With the rising costs and seemingly impossible chance of seeing the “IN STOCK” notice on current Leica lenses, those of us who shoot with a Leica M camera are constantly on the lookout for used deals, bargains, and some of us with fatter wallets are even finding  “UN-Bargains” with jacked up pricing on hard to find lenses. Many of us who are forever attached to our Leicas sometimes forget that we have options in the world of lenses that will mount onto our cameras. While Leica glass IS the best glass to shoot on your Leica M, there are lenses from Zeiss and Voigtlander (see all of my Leica reviews here) that cost much less than their Leica counterpart and can give really great results with our beloved M’s. For most of us mere mortals it can be hard to buy a $7-$8000 camera body followed by a $5000 lens.

Let me get this clear up front: I LOVE LEICA GLASS. Period. They set the standard for quality and that is indeed a fact. If you deny this fact you are simply in denial or obviously never used lenses like the 28 Summicron, 35 Summicron, 50 Summilux ASPH or even the 50 Noctilux ASPH. Leica M glass is expensive but it is the best in the world of 35mm photography and the size is just right as well. Small and solid. The best thing about Leica is their glass as that has always stood the test of time. The big problem these days is the lack of available lenses as well as the cost. That leaves many of us M shooters without lenses but as I already stated, we have options!

While I have not been a huge fan of some of the Voigtlander lenses I do applaud them for releasing some of their superb lenses like the 50 Nokton f 1.1, the classical rendering 35 1.4, and even the 15mm wide angle. Voigtlander has been releasing some very fine lenses lately and today I am going to write about and share my experience with one of the best lenses, if not THE best “M” mount lens that they make, the new 35mm Nokton f/1.2 ASPH Version II. Yes, 1.2!


The 1st version of this lens was loved and adored by many who owned it for it’s unique qualites and low light abilities. Images from the Nokton always had a sort of interesting creamy artistic feel and I shot with one for 2 weeks over two years ago with the intent on reviewing it. At the time I had only a Leica M8 and the copy of the Nokton I had was not focusing right so I never did review it. It was also very large and fat and seeing that I already had a Leica 35 Lux that I was in love with I was not really into the Nokton so much. The super fast 1.2 aperture did intrigue me, and I was seeing some great results form others who was using the lens but like I said, it was not focusing correctly so I never could get into it.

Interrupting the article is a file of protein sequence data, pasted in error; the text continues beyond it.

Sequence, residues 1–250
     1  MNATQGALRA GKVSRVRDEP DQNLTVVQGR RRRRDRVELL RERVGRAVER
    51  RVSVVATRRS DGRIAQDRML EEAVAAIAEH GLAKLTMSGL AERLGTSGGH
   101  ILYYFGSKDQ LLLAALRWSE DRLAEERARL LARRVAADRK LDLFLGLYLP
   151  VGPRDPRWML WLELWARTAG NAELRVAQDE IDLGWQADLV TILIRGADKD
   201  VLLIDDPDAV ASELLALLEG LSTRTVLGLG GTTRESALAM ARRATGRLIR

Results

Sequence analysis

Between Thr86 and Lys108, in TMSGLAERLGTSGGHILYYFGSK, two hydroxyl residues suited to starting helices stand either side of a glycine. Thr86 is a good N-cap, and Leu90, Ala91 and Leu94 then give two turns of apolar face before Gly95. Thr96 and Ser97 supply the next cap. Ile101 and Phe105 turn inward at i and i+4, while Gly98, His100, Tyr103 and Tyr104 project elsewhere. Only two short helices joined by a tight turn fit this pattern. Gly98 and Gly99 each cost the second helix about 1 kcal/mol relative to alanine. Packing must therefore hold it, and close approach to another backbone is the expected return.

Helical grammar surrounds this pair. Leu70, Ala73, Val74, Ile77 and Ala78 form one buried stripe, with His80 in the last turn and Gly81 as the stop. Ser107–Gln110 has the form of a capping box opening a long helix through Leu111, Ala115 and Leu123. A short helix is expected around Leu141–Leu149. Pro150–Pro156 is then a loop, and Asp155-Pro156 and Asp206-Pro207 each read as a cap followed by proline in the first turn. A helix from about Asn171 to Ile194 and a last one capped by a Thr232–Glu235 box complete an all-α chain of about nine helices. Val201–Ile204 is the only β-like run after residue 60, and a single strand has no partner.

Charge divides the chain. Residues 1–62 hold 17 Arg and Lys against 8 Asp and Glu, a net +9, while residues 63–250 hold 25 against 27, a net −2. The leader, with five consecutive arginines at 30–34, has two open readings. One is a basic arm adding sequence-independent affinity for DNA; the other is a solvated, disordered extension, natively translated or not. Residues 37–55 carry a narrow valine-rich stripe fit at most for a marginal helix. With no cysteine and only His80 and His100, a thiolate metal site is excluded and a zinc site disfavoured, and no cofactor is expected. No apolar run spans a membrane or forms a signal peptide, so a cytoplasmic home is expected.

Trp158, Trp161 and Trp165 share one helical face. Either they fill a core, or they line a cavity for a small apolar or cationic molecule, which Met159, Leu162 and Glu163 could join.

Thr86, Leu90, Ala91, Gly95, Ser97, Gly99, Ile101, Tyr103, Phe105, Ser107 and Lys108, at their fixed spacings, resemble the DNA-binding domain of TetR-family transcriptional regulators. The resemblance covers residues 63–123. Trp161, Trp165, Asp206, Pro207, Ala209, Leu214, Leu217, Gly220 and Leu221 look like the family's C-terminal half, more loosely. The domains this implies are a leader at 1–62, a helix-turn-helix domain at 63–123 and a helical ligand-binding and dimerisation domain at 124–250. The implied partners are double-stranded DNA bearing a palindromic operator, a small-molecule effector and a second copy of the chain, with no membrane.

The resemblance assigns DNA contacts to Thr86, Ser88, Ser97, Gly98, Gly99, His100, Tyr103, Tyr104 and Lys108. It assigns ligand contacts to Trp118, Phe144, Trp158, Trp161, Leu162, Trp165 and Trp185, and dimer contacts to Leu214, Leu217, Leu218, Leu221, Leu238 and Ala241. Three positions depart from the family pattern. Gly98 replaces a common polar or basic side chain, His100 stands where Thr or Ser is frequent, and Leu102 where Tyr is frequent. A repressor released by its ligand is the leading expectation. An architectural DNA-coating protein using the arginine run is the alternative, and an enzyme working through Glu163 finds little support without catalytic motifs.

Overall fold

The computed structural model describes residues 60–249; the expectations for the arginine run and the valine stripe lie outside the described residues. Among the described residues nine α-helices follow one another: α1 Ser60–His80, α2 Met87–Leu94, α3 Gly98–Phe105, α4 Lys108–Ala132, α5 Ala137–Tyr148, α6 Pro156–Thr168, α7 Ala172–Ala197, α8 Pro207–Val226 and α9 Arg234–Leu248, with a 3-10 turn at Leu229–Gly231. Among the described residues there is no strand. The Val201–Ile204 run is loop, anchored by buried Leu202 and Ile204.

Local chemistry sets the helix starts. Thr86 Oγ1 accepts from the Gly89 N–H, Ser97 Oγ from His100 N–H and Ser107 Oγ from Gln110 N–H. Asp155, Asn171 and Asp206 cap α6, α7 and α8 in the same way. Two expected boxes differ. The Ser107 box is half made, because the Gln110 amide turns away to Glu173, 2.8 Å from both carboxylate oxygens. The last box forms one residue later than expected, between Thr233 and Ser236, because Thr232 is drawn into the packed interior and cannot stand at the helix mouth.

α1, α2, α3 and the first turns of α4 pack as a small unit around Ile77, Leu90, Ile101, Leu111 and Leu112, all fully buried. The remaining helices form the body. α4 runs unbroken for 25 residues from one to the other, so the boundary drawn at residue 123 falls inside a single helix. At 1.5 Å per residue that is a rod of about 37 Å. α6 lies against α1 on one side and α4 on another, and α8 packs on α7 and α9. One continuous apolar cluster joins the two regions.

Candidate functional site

When I did get an in focus shot the rendering I saw was almost like a 50 Noctilux f/1 because of the crop factor of the M8, (but not quite) and at under $1000 it was a nice lens if you could not afford the Leica Summilux, and you got one that focused correctly.

So here we are in 2011, almost 2012, and Voigtlander reworked this lens as a version II because they said the old version was too hard to make. Hmmm. Does this mean version I is the more desirable lens? I was not so sure but I was attracted to Version II because it is a little smaller and thinner (though not by much really) and from what I have heard even sharper when shot wide open, which to me is important.